Change happens when youth take charge
MANILA (April 30, 2019) — Following his youth leadership training in January, Benjie Banaybanay Kitay could say with confidence, "we have a weapon to help meet challenges." The 25-year-old Filipino had frustrations in the past as he would hear people say the youth are the hope of the future. "But many times nothing happens for us. With the Habitat Young Leaders Build’s Leadership Academy, I think that we are empowered."
Benjie is among the 5,000 young leaders trained under the program that was developed by Habitat for Humanity and the Center for Creative Leadership. Launched in December 2017, the Leadership Academy is being conducted in Cambodia, the Philippines, India, Indonesia and Nepal. During the two-day training, the participants have the opportunity to increase their leadership identity, develop their leadership skills and be empowered to implement projects that build homes and sustainable communities in their own neighborhoods.
Of the trained young leaders, 285 young people have gone on to become country trainers. As volunteers, they are also the champions of housing as a driver, catalyst and contributor to sustainable development.
Prabesh Shahi, a volunteer country trainer from Nepal, has gone a step further. He is currently on track to be a master trainer. "I volunteered to be a trainer for the HYLB Leadership Academy because I believe it’s one of the most efficient leadership training models and it mainly focuses on issues relevant to the youth," he says.
"With housing as its backbone, the Leadership Academy automatically connects other relevant goals to overcome challenges and meet the desired outcomes of SDGs 1, 4, 6 and 11. Decent housing helps people end poverty, allows parents to better support their children’s education, and improves a family’s access to clean water and sanitation for betterment of life," Prabesh adds.
Like Benjie, Ek Chantha is not content with only talking about change. The 17-year-old youth from Cambodia wanted to play a leading role in her own community after the training. She was among the first cohort of HYLB Leadership Academy graduates who implemented their community action plans to mark World Habitat Day in October 2018.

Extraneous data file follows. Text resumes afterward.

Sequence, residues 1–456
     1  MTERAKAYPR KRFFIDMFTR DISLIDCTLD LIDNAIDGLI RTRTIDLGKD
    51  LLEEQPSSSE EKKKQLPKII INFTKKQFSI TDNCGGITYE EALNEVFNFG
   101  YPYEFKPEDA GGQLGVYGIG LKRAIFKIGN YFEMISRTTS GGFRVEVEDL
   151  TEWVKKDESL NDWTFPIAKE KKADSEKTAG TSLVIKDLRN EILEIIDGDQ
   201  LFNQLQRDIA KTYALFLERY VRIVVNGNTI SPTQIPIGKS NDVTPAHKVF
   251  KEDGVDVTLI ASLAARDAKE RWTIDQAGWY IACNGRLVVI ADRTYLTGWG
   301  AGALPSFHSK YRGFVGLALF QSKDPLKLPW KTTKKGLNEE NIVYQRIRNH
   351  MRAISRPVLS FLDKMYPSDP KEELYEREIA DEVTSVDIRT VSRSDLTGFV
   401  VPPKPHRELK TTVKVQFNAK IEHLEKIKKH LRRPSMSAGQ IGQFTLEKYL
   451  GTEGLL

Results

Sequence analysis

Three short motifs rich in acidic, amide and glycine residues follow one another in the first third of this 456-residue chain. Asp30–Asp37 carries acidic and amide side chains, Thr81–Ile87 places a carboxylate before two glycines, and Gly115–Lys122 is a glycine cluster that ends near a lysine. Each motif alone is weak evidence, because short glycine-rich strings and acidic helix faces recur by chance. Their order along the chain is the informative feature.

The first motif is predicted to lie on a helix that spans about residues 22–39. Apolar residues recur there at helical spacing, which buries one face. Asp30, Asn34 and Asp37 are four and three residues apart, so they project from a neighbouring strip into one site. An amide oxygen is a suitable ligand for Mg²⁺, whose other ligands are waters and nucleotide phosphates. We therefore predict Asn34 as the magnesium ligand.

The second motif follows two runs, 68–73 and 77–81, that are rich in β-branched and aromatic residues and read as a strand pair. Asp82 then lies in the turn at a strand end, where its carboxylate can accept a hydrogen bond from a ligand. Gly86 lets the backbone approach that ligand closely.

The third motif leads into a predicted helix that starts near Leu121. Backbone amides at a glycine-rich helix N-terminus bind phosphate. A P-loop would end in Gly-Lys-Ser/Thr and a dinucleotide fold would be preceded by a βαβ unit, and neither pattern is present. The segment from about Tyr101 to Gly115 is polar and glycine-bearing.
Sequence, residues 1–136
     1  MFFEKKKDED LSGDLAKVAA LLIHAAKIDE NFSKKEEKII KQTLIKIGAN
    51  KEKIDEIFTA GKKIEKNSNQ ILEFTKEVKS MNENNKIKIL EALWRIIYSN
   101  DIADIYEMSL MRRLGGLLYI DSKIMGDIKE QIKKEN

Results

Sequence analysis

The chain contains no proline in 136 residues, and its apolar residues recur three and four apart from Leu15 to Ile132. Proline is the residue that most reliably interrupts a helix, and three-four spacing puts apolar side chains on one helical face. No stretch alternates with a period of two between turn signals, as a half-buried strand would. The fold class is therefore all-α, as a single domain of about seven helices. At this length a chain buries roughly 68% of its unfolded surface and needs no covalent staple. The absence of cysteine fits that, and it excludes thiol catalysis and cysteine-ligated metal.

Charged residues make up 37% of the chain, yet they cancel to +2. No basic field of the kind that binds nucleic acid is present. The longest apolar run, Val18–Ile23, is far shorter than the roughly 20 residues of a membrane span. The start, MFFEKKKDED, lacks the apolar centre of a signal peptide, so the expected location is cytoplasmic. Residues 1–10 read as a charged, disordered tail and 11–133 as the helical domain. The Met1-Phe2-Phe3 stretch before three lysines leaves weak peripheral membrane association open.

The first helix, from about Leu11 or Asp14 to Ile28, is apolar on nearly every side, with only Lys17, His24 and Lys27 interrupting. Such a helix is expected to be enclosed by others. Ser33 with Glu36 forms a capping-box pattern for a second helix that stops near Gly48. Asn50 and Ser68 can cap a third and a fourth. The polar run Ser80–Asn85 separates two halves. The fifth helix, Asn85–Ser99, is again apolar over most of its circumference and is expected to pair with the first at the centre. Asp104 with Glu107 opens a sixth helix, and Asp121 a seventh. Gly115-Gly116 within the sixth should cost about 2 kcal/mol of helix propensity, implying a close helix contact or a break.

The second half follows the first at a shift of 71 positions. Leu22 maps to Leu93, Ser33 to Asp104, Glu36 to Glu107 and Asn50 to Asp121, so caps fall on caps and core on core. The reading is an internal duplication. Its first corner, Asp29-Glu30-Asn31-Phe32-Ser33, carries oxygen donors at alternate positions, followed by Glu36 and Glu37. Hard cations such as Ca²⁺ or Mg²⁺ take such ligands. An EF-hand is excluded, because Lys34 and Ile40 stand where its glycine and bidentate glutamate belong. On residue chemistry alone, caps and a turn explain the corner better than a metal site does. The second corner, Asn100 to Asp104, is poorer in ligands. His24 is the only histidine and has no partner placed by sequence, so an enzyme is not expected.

She carried out her project that was first conceived at the Leadership Academy training by mobilizing 160 participants for a clean-up and awareness-raising drive in Kampong Cham province. The exercise was motivated by Chantha’s own experience of irresponsible dumping of garbage in public areas in her own community. Not only did local community members have to put up with the odor, they also faced health risks of air pollution and other contamination.
On October 29, the participants comprising mostly youth along with some monks and local officials cleared garbage along the riverbank. As the volunteers picked up trash, they encouraged local community members to maintain a clean, healthy living environment. In addition, the volunteers raised awareness of World Habitat Day and spoke out about affordable housing issues in their community through the use of banners and posters.
Chantha also shared about the role of Habitat Cambodia in developing youth leaders like her. Her vision is for her community to serve as role model for her fellow citizens. A few months later in February 2019, she reported that between 70 and 80 percent of the community members had disposed of garbage properly.
It was not plain sailing for Chantha in her first-ever community project. First, she had to ask for approval from the local commune office. “I felt afraid to meet with the commune chief and other public officials. But when I remembered the HYLB Leadership Academy lessons on leadership — ‘Direction, Alignment, and Commitment’ and ‘Change Happens’ — I was motivated to push through with it,” she said.
Not only did she obtain the commune chief’s permission with the help of the local commune officials, she also had the green light of the district governor who was keen to join the clean-up drive with his colleagues. “It was amazing that I could do it. You can do it too!” Chantha says.
While the youth leaders want to make an impact in their communities, reflection is also important. In January 2019, 18 Nepali volunteer facilitators came together to glean from each other’s experiences in facilitating the training in their own communities and with partner organizations. They also delved into effective ways of guiding Nepali youth trainees in implementing the latter’s projects for safe shelter and monitoring their implementation of community action plans.
Displaying one of the key attributes that the Leadership Academy aims to train, Nepali country trainer, Supriya Maskey, wants to change the world. “We are the future leaders of our country so we, the youth of our nation, should work together to bring a positive change. Little drops of water, little grains of sand, makes the mighty ocean and the pleasant land.”
In the Philippines, projects are being implemented in partnership between the Peace Corps volunteers and their local youth counterparts. The projects are expected to be completed by June 2019.
Indonesia is the latest to join the Leadership Academy stable with the first training conducted in Jakarta in February.
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